What is surprising is that during this period, there were numerous Muslim women whose poetry has been preserved. Although Muslims refer to the Jews as ahl al-kitab or “people of the book,” Muslim women seem to have been more successful in creating lasting poetic works.
It is rather difficult to account for this discrepancy, for it seems odd to imagine that Muslim women in medieval Spain were far more educated than their Jewish counterparts. Arabic became the lingua franca following the Muslim conquest of the country in 711. When Jewish poets began to compose in Arabic and later in Hebrew, were the women entirely excluded?
There are very few extant poems written by Jewish women dating to this period. Although only a fraction of all poems from that time have survived, this does not mean more were not written. The poems that are available are of a high quality, but the problem of quantity cannot be ignored.
Kasmunah (“little charming one” or “one with a beautiful face”) of Andalusia in southern Spain was the daughter of Isma’il ibn Bagdala “the Jew.” Her Arabic verses were included in a 15th-century anthology of women’s verses (compiled by an Egyptian). Little is known about her; there are debates as to whether she lived in the 11th or 12th century. Some of those favoring the earlier date contend that she was none other than the daughter of Samuel Hanagid, who was also known as ibn Nagrella (he indeed had a daughter). The assumption is that Bagdala and Nagrella are similar enough to have been confused.
At any rate, Kasmunah’s father taught her by means of intellectually creative collaboration. He composed two lines; she needed to respond in kind.
The style he chose is known as muwwashah, a rather difficult genre of poetry in which both he and his protégé excelled. Reading her verses reveals a tremendous originality and expertise in Arabic poetry, as well as the gentleness of this cultured woman.
The wife of Dunash ibn Labrat lived at the end of the 10th century; very little is known about her. Her husband was born in Fez, studied in Baghdad with Rabbi Sa’adia Gaon and spent time in Cordoba in the court of the eminent diplomat Hasdai ibn Shaprut. Her name is not recorded anywhere, but this does not detract from the fact that her erudition and expertise in Hebrew poetry are astounding.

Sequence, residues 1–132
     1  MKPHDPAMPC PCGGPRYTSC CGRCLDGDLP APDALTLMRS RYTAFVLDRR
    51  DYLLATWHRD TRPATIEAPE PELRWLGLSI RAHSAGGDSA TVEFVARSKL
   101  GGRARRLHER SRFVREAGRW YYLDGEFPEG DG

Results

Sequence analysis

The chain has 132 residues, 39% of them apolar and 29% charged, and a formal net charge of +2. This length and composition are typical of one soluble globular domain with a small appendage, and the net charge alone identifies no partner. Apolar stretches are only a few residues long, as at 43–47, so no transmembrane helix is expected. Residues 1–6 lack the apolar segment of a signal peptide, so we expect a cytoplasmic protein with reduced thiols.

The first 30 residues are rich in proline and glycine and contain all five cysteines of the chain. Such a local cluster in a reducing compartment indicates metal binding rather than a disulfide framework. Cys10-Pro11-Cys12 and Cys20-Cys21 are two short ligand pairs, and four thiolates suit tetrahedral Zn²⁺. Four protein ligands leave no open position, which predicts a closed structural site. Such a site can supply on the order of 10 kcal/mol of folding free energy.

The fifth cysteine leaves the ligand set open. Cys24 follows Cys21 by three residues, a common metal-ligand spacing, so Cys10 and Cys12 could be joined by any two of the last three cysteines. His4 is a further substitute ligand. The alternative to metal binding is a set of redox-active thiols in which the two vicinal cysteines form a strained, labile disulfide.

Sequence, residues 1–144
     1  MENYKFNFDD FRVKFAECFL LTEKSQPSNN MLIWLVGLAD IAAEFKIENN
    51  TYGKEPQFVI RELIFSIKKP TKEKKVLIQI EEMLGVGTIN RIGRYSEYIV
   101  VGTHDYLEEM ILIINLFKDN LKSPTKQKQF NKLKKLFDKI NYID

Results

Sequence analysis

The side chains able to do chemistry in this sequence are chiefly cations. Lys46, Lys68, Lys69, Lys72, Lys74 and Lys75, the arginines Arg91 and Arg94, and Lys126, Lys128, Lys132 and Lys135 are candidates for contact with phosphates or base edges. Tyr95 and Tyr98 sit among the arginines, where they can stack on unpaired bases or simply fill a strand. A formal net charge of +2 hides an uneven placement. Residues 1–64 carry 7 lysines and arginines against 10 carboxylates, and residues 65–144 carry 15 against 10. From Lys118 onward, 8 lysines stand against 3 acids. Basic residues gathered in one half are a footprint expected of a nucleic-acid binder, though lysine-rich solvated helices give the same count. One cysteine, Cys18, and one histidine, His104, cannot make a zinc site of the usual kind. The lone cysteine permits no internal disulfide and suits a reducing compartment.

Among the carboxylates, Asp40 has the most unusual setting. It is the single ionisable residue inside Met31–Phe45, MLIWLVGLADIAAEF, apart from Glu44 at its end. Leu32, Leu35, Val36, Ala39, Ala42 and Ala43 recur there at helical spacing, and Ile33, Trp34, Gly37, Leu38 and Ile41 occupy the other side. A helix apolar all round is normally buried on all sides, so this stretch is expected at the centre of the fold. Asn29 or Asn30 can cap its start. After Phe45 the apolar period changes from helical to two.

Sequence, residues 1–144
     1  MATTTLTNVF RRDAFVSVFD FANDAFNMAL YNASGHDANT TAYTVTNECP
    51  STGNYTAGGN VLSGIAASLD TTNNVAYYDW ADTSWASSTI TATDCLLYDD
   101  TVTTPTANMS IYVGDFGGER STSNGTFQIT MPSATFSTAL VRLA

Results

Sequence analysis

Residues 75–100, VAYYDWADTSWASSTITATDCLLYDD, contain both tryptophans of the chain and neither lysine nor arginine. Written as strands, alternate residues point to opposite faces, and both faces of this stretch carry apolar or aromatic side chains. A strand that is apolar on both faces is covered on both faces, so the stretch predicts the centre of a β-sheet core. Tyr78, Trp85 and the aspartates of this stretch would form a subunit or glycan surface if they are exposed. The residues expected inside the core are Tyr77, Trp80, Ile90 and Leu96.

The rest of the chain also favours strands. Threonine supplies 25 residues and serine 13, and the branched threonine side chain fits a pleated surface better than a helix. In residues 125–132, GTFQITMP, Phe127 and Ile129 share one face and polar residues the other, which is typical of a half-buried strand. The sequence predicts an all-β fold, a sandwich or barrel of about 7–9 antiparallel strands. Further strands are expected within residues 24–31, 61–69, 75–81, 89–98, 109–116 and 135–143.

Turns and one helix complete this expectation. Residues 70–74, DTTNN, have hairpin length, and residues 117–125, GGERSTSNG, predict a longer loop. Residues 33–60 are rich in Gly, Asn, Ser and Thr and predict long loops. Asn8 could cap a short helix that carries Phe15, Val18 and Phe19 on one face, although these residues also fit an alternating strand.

In truth, the scholars of medieval Hebrew poetry, such as Haim Shirman and Ezra Fleischer, were convinced that this was a field entirely reserved for men. However, a series of discoveries of fragments from three different collections in the Cairo Geniza produced evidence to the contrary.
In 1947, a fragment of a poem was found and published by Nehemia Allony, who surmised that it dealt with a bride and groom, or possibly a separation. In 1971, the tables turned when a complete copy of this poem appeared (albeit with the lines in the incorrect order); the missing lines revealed that it referred to a couple and their child. The husband had left his beloved wife and child behind in Spain, and their future was unclear. A third discovery solved the mystery of the poem’s authorship because of its header: “from the wife of Dunash ibn Labrat to him.” This fragment included a second poem written by the absentee husband, defending himself and professing his love to “an erudite woman like you” (see Ezra Fleischer, “About Dunash Ibn Labrat and his wife and son,” Jerusalem Studies in Hebrew Literature, 5 (1984) in Hebrew).
This detective work revealed beautiful poetry and the correct identity of the sources; it reflected the talents of the eminent poet’s wife as well as that of her husband. Mr. and Mrs. ibn Labrat, although separated, and Kasmunah were creative and impressive poets who made important contributions to the medieval Spanish literary heritage.
Medieval Islamic Spain seems to me to hold much that we ought to try to recover. Modern Islam would find in it much native pride, as it represents the height of their religion's worldwide civilization. The rest of the world would find it a means of helping guide their Islamic neighbors onto a more wholesome course than is sometimes the case.